Apple responds to Congress: Questions still remain over users' location data

Apple responds to Congress regarding the iPhone and iPad location tracking controversy. But pertinent questions still remain to be answered.
Written by Zack Whittaker, Contributor

Apple has responded with a hand delivered letter to Rep. Ed Markey (D-Mass) regarding the iPhone and iPad location tracking controversy, which kicked off last month.

In the letter (available here), Bruce Sewell, general counsel and senior vice president of legal and government affairs at Apple, details answers given by Markey which were subsequently published by Apple.

As one of the biggest privacy stories of the year, it sparked a wide-ranging debate about location based privacy and what our phones collect about us without the users' direct knowledge.

It also came to light that Microsoft through its Windows Phone devices and Google with its Android-based phones also collected data from its users.

Since the imbroglio began, Apple has now 'fixed' a flaw which allowed location based content to be uploaded even when the feature was disabled through an iOS patch last week, which it hoped would solve the issue.


But there are questions that still remain to be answered.

1. How will Apple encrypt location based data?

Will it be in such a way that Apple holds the encryption keys, and if requested by law enforcement can decrypt that information, or will it be encrypted 'automagically' based on the unique properties of the device? I suppose it would be the former and not the latter, as the data needs to be sent back to Apple to be read.

But it does make me wonder whether encrypting the location data on the handset will do any good. Sure, it means that anyone who steals your phone won't be able to find out where you've been, but not much good otherwise.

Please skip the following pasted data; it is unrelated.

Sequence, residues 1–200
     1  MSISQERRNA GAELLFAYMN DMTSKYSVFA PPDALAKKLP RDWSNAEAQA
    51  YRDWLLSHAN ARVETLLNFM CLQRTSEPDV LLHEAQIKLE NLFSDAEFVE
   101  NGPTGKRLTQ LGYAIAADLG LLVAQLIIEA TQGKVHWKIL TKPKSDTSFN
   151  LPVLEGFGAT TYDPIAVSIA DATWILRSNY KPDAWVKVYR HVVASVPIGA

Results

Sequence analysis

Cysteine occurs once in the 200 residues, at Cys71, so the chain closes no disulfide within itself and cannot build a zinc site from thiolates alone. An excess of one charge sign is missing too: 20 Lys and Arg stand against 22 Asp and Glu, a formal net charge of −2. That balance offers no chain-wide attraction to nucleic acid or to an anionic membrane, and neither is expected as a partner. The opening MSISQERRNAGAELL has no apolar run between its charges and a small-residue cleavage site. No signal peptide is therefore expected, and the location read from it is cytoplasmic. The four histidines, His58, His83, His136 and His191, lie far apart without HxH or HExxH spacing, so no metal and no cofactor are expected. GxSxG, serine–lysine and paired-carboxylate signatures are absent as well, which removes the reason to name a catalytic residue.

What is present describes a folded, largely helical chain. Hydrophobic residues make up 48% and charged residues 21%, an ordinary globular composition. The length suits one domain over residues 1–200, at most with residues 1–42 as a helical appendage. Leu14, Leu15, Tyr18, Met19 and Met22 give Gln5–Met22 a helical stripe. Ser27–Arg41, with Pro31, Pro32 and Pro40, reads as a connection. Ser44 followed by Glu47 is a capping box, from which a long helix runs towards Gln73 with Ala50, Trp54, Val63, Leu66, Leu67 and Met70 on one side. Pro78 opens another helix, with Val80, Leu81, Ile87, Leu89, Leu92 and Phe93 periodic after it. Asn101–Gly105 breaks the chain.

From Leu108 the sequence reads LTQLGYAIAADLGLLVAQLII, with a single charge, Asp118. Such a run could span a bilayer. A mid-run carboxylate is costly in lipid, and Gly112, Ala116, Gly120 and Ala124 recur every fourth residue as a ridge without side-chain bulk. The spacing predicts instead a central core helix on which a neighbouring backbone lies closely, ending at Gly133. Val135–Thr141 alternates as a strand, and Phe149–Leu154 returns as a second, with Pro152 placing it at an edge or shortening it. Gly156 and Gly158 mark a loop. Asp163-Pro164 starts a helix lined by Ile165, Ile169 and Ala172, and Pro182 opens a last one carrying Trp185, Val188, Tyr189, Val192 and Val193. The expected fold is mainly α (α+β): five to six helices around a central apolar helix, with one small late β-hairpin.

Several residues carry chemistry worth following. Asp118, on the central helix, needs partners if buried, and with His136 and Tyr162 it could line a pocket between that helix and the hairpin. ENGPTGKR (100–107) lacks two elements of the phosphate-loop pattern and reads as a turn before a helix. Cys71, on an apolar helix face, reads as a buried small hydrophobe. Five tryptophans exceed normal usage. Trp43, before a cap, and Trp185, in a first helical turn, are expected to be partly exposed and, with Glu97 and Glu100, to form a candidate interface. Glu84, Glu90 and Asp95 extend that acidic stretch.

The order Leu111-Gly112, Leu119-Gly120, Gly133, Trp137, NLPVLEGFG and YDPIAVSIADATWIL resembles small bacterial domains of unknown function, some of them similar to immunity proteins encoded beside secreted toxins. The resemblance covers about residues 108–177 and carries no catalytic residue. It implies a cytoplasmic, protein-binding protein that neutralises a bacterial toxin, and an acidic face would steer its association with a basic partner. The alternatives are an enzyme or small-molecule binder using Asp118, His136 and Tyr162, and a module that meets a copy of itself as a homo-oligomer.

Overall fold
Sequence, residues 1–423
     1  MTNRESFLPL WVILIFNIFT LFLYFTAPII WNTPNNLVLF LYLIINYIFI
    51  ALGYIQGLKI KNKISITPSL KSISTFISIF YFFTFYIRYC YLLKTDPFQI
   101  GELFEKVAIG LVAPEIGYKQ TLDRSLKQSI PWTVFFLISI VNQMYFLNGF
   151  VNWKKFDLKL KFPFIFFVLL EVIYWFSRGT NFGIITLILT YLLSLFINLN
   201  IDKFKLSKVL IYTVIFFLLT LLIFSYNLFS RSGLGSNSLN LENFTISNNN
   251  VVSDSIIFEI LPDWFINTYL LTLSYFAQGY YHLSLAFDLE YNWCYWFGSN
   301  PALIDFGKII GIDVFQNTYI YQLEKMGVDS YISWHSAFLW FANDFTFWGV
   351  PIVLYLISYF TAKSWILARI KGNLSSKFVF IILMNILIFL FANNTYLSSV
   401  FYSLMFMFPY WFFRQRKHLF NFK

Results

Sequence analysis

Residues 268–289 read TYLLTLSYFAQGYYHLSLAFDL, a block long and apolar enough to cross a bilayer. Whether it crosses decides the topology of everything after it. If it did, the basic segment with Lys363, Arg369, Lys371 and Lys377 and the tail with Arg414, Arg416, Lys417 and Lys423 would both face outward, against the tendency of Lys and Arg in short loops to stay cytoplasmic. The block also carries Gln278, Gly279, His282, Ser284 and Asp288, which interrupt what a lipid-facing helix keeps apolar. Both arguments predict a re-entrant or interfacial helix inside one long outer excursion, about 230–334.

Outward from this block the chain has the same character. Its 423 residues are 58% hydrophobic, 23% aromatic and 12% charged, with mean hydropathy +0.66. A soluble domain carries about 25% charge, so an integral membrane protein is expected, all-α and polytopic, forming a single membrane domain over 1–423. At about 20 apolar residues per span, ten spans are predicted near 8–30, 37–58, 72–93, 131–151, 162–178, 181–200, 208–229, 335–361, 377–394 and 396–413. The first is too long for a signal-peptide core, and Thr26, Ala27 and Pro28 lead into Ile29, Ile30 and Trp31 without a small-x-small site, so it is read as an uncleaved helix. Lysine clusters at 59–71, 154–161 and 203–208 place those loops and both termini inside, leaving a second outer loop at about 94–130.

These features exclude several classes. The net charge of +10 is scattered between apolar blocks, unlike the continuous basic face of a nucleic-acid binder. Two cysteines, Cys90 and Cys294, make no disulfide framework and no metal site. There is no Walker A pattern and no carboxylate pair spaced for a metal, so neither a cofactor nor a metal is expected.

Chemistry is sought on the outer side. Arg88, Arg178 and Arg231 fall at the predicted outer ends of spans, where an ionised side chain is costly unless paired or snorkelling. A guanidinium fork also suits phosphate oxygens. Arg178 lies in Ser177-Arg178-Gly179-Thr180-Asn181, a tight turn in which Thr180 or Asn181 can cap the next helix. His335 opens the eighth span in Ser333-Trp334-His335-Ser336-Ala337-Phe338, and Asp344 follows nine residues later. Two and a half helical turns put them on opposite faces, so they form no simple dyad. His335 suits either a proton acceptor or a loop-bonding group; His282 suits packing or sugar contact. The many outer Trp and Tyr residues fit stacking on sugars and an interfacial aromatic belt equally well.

2. Who is the third party involved in sharing "subsets of the anonymous location"?

This is the major one. Apple shares some of the location data sent by users with a "development partner".

Apple cites "non-disclosure restrictions" and "contractual confidentiality" to protect the anonymous location information from being shared with others beyond this development partner, but it does not explain which information is passed on.

Granted, with the location based data being anonymous, it does suggest that this development partner cannot track your data, as Apple continues to push the "we do not track users' location" line.

But if Congress wants to know more details on this sharing arrangement, then so should the wider public.

3. If users had their data collected by Apple even when they turned it off, will users be told (or Apple investigated)?

It'd be funny if they did tell individual users that they had their locations collected even when they had turned it off -- whether it was a result of a bug or otherwise -- because then it would prove that individuals could be identified by Apple.

Probably won't happen though. But even though the Federal Trade Commission made it clear that it "didn't comment on individual cases", perhaps only time will tell if Apple will be investigated by the authorities for any number of reasons relating to the location tracking scandal.

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